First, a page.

PORTLAND, Maine — An ordinance legalizing possession of marijuana for nonmedical use in Maine’s largest city goes into effect Friday.
Last month, Portland voters approved by a wide margin the legalization measure, which allows individuals 21 or older to carry 2.5 ounces or less of the drug according to city rules.
While medical use of marijuana has been legal in Maine since 1999, and larger scale medical marijuana dispensaries have been legal since 2009, the Portland ordinance is the first in the state to legalize pot for recreational purposes.
Possession and recreational use of marijuana remains illegal under state law, and all uses of the drug continue to be outlawed under federal law.
Marijuana advocates have pledged to use Portland as a springboard for a statewide referendum on the issue in 2016 — if they can’t get the state Legislature to legalize the drug sooner — and are engaging in what they describe as an education campaign on the subject.
“The Portland initiative is a major step toward broader marijuana policy reform in Maine,” said David Boyer of the Marijuana Policy Project in a statement Thursday. “It is time to end the failed policy of marijuana prohibition in Maine and replace it with a more sensible system in which marijuana is regulated and taxed similarly to alcohol.”
On Thursday night, the pro-legalization Portland Green Independent Committee was scheduled to hold a forum on the city ordinance, which takes effect 30 days after the Nov. 5 vote.
“We realize that there is an immense amount of public interest in the legalization ordinance, and we need to make sure everyone is familiar with the new ordinance and how it interacts with state and federal law,” said Tom MacMillan, chairman of the committee, in a statement.
The ordinance allows marijuana use on private property but continues to ban it in public places, where smoking of any kind is generally prohibited.
The ordinance also gives landlords the authority to regulate pot use in their buildings.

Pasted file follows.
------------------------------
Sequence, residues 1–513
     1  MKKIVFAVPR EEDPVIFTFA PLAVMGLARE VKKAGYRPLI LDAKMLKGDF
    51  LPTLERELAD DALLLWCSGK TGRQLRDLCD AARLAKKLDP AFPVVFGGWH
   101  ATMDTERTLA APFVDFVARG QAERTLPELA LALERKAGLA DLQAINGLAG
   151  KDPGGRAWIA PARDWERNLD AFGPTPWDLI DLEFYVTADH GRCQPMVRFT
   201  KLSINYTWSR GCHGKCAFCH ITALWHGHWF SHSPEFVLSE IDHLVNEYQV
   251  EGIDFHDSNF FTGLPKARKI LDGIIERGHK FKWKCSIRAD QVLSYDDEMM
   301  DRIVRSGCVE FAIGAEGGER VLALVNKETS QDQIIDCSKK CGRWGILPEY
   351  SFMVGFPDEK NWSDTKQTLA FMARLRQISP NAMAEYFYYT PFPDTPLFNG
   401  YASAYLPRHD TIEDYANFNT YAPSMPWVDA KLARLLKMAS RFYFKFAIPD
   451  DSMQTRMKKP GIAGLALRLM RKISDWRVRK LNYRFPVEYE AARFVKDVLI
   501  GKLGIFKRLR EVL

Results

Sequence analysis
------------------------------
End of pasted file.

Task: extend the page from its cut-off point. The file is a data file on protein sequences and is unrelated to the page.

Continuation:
Portland Police Chief Michael Sauschuck has repeatedly stated his department will continue to enforce state law, which supersedes the local ordinance. But he has maintained that marijuana law enforcement has long been a low priority for city police, noting that out of about 85,000 calls for service last year, Portland officers handed out only 54 civic summonses for marijuana offenses.
Likewise, Maine Attorney General Janet Mills has said the local ordinance does not override the state and federal laws her office is obligated to follow, and she views the Portland referendum as “somewhat advisory in nature.”
Ordinance backers, including Boyer and City Councilor David Marshall, have urged law enforcement officials to respect “the will of the voters” in the city.
This week, Boyer lauded the stance of police in Jackson, Mich., who announced that whenever possible they would adhere to a newly passed ordinance there decriminalizing possession of one ounce of marijuana.
“We hope city officials will follow the spirit of the law and stop punishing adults for simply using a less harmful substance than alcohol,” said Boyer. “Their counterparts in Michigan have demonstrated that it is possible. We expect Portland officials to either follow their example or explain why they are choosing to continue needlessly arresting people in defiance of the voters.”
Marijuana advocates have also pointed to an August letter from the U.S. Department of Justice — in which federal enforcers said they won’t interfere with new marijuana laws in Washington and Colorado as long as the drug is strictly regulated — as a positive sign for Portland as well.
Opponents of the move, including the Maine Chiefs of Police Association, argue that legalizing marijuana will exacerbate substance abuse problems that feed other crimes, and that overseeing regulation and distribution of pot would be an expensive and time-consuming task for overburdened state agencies.